Will I Go to Jail for Violating Probation?

If you’ve been accused of a probation violation, you may or may not go to jail. This will depend on:

  • The type of violation
  • Whether your probation officer lets you off with a warning or requires a court appearance
  • The outcome of your probation violation hearing, if you have one

Probation officers can exercise their discretion for most minor or first-time violations, meaning they may let you off with a warning. For more severe or repeat violations, however, you’ll likely face a hearing before a judge, who will decide whether you committed the violation and what penalty is appropriate.

Penalties may include extending probation, modifying the terms of your probation, or even enforcing the full jail or prison sentence for the crime you were put on probation for.

Immediate Arrests for Probation Violations

There are some situations were a violation of probation can result in your immediate arrest, such as allegedly:

  • Violating a restraining order
  • Committing a new crime
  • Failing to appear in court

These are typical scenarios where any person, on probation or not, would face arrest. You have the added complication of being on probation.

Even in these cases, you can exercise your right to remain silent and your right to an attorney. Your attorney can work to secure your release and can also help you deal with your probation officer and any resulting probation violation hearing—plus any new criminal charges.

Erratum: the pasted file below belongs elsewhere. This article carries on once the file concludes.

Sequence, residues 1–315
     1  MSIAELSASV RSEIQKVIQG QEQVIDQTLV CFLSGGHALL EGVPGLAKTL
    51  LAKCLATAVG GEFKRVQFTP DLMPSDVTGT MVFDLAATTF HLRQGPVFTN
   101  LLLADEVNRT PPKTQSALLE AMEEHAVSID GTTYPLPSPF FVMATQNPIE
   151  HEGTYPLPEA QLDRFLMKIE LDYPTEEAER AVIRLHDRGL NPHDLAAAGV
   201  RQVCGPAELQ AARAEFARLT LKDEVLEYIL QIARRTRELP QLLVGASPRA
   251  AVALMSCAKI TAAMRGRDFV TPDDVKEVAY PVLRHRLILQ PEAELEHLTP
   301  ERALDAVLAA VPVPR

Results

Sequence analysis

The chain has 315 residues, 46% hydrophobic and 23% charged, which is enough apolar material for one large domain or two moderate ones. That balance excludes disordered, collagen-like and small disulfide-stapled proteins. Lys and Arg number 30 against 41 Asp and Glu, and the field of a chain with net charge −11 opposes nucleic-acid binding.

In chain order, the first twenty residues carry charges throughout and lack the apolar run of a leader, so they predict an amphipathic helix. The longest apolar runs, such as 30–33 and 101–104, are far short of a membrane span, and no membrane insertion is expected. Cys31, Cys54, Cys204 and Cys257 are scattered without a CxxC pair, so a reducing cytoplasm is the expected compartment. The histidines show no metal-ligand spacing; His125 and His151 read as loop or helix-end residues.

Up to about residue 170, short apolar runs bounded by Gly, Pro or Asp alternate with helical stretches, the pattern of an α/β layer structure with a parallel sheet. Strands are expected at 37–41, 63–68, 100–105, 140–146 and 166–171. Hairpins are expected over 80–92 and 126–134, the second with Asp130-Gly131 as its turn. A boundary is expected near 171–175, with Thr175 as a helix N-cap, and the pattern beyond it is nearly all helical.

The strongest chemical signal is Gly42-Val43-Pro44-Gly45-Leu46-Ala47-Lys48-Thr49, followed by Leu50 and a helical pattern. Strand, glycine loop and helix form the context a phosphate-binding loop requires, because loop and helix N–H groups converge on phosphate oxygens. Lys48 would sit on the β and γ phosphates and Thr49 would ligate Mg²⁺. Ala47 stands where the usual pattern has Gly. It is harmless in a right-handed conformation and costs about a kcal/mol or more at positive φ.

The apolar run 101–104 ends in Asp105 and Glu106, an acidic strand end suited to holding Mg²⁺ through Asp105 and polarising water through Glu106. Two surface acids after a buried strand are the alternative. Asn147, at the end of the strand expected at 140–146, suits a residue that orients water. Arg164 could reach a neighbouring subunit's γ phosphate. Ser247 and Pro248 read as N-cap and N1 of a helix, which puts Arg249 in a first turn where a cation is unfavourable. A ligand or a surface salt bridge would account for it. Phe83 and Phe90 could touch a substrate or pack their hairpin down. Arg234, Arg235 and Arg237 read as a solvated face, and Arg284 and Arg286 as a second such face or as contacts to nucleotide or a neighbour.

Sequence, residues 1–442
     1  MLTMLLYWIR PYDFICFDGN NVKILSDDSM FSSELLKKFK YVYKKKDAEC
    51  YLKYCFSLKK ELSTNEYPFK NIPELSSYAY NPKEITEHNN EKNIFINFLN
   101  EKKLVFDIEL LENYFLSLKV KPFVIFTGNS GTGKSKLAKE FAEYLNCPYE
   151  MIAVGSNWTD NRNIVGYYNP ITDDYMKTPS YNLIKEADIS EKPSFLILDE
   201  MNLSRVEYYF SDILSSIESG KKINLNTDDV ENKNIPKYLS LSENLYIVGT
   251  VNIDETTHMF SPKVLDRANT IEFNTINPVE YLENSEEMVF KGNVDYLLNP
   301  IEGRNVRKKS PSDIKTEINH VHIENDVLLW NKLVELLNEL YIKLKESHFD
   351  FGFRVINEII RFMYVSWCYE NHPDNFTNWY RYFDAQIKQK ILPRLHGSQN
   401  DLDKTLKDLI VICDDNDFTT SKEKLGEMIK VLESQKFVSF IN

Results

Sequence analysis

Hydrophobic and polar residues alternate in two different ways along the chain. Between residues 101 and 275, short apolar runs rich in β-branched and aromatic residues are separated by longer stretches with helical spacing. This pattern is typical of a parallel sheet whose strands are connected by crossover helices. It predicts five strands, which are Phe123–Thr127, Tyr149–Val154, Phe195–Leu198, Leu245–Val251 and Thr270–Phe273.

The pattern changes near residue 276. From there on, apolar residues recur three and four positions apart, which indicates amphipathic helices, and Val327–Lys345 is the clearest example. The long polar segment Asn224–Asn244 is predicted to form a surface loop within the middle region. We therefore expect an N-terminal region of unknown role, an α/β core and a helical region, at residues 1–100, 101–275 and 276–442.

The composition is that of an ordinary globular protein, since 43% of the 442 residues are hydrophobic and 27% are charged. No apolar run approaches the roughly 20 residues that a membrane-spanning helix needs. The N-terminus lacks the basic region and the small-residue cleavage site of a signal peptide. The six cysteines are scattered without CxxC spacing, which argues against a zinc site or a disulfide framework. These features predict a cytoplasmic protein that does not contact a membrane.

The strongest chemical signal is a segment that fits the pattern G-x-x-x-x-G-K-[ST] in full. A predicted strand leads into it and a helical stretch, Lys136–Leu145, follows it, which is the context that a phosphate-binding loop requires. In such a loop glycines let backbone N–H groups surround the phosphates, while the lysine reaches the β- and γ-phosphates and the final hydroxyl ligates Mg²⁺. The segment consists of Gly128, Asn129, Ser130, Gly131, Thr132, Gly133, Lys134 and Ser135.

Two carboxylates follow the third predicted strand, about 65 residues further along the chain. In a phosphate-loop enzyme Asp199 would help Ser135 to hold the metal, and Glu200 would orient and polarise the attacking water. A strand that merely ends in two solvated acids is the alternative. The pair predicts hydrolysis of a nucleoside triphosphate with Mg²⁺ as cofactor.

Jail/Prison Sentences for Violations of Probation in Florida

You may face jail or prison time if you are found guilty of a probation violation. If your probation officer has decided not to give you a warning and instead moves your case along to a judge for a probation violation hearing, that judge will have the power to decide whether you face incarceration—by imposing the full sentence for the crime you were originally put on probation for.

The following are examples of probation violations that may result in a revocation of probation and the imposition of your full sentence:

  • Being convicted of a new crime
  • Absconding (moving/changing your phone number without telling your probation officer)
  • Multiple lesser probation violations, such as failing to report, failing to pay a fine, missing court-ordered rehabilitation, etc.

Not all probation violations warrant imprisonment, and you have the right to legal counsel so you’re prepared for and represented at your hearing. This is why it is so important to involve your attorney as soon as you’re arrested or learn that you’re accused of violating probation.

To learn more, check out our blog on Tampa, FL probation violation hearings.

You Can Protect Your Freedom

While it’s true that being on probation limits certain rights, you still have the right to an attorney. You and your property can be searched, you may be required to submit to blood testing at any time, and you have to report to your probation officer, but you can involve an attorney if you’re accused of any violation. Give yourself a fighting chance to avoid jail or prison time.

At Thomas & Paulk, we realize how challenging these situations can be. Our Tampa probation violation lawyers have extensive experience with defending probationers, and we have the resources and know-how to defend your interests. To find out more, give us a call at (813) 321-7323 or contact us online.

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